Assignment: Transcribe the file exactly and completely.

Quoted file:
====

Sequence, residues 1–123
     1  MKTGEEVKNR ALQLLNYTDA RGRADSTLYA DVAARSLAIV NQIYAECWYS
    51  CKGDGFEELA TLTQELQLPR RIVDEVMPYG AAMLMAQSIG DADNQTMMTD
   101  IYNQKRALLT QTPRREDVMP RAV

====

Sequence, residues 1–123
     1  MKTGEEVKNR ALQLLNYTDA RGRADSTLYA DVAARSLAIV NQIYAECWYS
    51  CKGDGFEELA TLTQELQLPR RIVDEVMPYG AAMLMAQSIG DADNQTMMTD
   101  IYNQKRALLT QTPRREDVMP RAV